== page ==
The tools chosen were "advice and guidance" and "engagement and provision of practical support". The EHRC initially published guidance to help public authorities decide what equality information they needed to publish to demonstrate compliance with the general equality duty.

The Commission undertook an assessment of the information published by public authorities (not including schools) between February and April 2012.

Key achievements

EHRC published a report, "Publishing equality information: Commitment, engagement and transparency", which sets out the findings of the assessment.

The report not only looks at performance on the specific duty, but it also sets out what good practice looks like. The report concludes with a number of recommendations for public authorities on how to improve their performance.

The EHRC recommends that public authorities publish their equality data in line with the following best practice criteria:

  • all equality data should be up to date
  • all equality data should be available on line
  • equality information should be easy to find, ideally in one place
  • equality information should cover workforce and potential and actual service users
  • equality information should be clearly explained with facts and figures supported by a clear narrative
  • equality information should cover all protected characteristics, acknowledge information gaps and identify how these will be addressed.
  • equality information should include evidence of how the impact on equality is assessed
  • equality information should be accessible to everyone, being available in alternative formats and ideally in different languages.

The EHRC’s recommendations for all public authorities are:

  • review the findings in this report and take steps to publish their equality data in line with the above best practice criteria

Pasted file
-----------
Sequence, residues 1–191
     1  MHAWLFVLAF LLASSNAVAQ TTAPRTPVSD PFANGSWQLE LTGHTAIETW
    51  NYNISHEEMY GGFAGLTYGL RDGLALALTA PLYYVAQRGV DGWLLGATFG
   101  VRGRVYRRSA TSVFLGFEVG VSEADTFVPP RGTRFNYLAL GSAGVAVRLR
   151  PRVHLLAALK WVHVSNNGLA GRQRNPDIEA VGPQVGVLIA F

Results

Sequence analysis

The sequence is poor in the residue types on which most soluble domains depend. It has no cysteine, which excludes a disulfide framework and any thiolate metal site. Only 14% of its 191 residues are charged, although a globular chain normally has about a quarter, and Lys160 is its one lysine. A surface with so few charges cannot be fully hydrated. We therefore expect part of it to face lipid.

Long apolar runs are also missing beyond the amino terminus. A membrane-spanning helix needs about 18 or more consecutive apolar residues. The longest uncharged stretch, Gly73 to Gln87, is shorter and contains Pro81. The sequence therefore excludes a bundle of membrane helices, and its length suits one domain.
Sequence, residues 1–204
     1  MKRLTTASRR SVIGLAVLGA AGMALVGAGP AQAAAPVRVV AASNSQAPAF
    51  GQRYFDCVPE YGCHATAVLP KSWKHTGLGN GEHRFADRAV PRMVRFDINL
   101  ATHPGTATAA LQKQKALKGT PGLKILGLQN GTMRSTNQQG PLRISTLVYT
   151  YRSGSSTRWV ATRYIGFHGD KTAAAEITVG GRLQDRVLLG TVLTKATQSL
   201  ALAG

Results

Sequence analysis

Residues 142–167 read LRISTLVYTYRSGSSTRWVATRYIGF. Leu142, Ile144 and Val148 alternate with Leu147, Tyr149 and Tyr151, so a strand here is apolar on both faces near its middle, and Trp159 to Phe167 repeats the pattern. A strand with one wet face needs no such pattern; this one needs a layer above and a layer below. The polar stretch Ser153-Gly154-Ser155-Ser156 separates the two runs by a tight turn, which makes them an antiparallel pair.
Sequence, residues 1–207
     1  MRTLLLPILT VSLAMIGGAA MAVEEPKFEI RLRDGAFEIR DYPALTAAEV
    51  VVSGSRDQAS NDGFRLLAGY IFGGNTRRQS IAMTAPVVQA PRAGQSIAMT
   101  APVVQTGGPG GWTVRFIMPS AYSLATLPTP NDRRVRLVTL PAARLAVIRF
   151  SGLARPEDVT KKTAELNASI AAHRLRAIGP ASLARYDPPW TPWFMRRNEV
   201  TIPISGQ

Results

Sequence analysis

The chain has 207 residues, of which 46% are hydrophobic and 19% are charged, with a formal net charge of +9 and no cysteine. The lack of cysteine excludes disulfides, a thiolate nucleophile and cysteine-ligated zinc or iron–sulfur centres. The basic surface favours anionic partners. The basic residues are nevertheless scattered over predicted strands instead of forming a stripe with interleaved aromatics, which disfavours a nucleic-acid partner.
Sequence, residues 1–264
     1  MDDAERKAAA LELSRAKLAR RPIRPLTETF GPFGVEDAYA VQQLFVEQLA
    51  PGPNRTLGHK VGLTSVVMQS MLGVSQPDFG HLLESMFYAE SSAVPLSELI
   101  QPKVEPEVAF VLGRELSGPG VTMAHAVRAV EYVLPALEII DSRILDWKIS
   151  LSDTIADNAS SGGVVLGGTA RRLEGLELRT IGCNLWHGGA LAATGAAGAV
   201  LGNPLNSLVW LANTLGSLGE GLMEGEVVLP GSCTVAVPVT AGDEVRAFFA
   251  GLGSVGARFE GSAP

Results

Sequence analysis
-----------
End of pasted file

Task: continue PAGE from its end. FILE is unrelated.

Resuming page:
• identify areas where they have not collected, used or published equality information, but where other authorities in their own sector are doing so
  • consider how their own performance compares with the performance of other authorities in the sector
  • review the practice examples in this report and any on the Commission’s website
  • consider where it would be appropriate to improve their equality data collection and over what time scale
  • engage with staff and service users about how useful they have found their published equality information to be and where any improvements can be made
  • put in place clear plans for any shortcomings
  • remember that meeting the specific duty is not an end in itself but a mechanism for improving performance on the general equality duty.

The findings in the report should enable public authorities to learn from each other, be able to share good practice and to improve the quality, extent and clarity of the equality information that they produce and publish, in order to improve their equality outcomes.

Key challenges

A key challenge was trying to find and access the equality information easily on the public authorities website which was a lot more time consuming than envisaged.